Информатика и вычислительная техника
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Bainbridge W.S. (ed.) Berkshire Encyclopedia of Human-Computer Interaction. Volume 2
Издательство Berkshire Publishing Group, 2004, -524 pp.

In a brief history of HCI technology published in 1996, the computer scientist Brad Myers noted that most computer interface technology began as govement-supported research projects in universities and only years later was developed by corporations and transformed into commercial products. He then listed six up-and-coming research areas: natural language and speech, computer-supported cooperative work, virtual and augmented reality, three-dimensional graphics, multimedia, and computer recognition of pen or stylus movements on tablet or pocket computers.
All of these have been very active areas of research or development since he wrote, and several are fundamental to commercial products that have already appeared. For example, many companies now use speech recognition to automate their telephone information services, and hundreds of thousands of people use stylus-controlled pocket computers every day. Many articles in the encyclopedia describe new approaches that may be of tremendous importance in the future.
Our entire perspective on HCI has been evolving rapidly in recent years. In 1997, the National Research Council—a private, nonprofit institution that provides science, technology, and health policy advice under a congressional charter—issued a major report, More Than Screen Deep, to evaluate and suggest fruitful directions for progress in user interfaces to computing and communications systems. This high-level study, sponsored by the National Science Foundation (NSF), concluded with three recommendations to the federal govement and university researchers.
Break away from 1960s technologies and paradigms. Major attempts should be made to find new paradigms for human-machine interaction that employ new modes and media for input and output and that involve new conceptualizations of application interfaces.
Invest in the research required to provide the component subsystems needed for every-citizen interfaces. Research is needed that is aimed at both making technological advances and gaining understanding of the human and organizational capabilities these advances would support. (195)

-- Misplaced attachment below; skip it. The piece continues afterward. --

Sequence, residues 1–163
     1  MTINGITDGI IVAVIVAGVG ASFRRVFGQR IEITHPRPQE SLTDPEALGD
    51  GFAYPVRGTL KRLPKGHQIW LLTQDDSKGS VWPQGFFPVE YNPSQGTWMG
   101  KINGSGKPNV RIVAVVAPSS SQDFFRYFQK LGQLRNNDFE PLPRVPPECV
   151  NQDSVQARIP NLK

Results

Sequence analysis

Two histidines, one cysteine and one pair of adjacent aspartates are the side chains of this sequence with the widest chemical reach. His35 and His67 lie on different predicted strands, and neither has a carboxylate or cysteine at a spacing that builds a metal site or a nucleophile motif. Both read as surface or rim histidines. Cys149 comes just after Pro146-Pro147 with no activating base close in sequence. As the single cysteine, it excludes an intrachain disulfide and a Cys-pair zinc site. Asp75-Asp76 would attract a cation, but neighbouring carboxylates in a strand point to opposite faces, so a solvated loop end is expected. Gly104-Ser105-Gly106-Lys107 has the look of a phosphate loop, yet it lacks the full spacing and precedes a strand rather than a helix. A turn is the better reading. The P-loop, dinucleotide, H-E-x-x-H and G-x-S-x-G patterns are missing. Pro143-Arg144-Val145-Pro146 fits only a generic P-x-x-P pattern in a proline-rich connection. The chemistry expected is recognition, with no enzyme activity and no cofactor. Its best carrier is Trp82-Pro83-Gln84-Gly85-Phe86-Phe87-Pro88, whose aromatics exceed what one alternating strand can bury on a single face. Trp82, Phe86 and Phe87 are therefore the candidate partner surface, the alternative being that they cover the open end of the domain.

Encourage research on systems-level design and development of human-machine interfaces that support multiperson, multimachine groups as well as individuals. (196)
In 2002, John M. Carroll looked back on the history of HCI and noted how difficult it was at first to get computer science and engineering to pay attention to issues of hardware and software usability. He argued that HCI was bo as the fusion of four fields (software engineering, software human factors, computer graphics, and cognitive science) and that it continues to be an emerging area in computer science.
The field is expanding in both scope and importance. For example, HCI incorporates more and more from the social sciences as computing becomes increasingly deeply rooted in cooperative work and human communication.
Many universities now have research groups and training programs in HCI. In addition to the designers and engineers who create computer interfaces and the researchers in industry and academia who are developing the fundamental principles for success in such work, a very large number of workers in many industries contribute indirectly to progress in HCI. The nature of computing is constantly changing. The first digital electronic computers, such as ENIAC (completed in 1946), were built to solve military problems, such as calculating ballistic trajectories. The 1950s and 1960s saw a great expansion in military uses and extensive application of digital computers in commerce and industry. In the late 1970s, personal computers entered the home, and in the 1980s they developed more user-friendly interfaces. The 1990s saw the transformation of Inteet into a major medium of communications, culminating in the expansion of the World Wide Web to reach a billion people.
In the first decade of the twenty-first century, two trends are rushing rapidly forward. One is the extension of networking to mobile computers and embedded devices literally everywhere. The other is the convergence of all mass media with computing, such that people listen to music, watch movies, take pictures, make videos, carry on telephone conversations, and conduct many kinds of business on computers or on networks of which computers are central components. To people who are uncomfortable with these trends, it may seem that cyberspace is swallowing real life. To enthusiasts of the technology, it seems that human consciousness is expanding to encompass everything.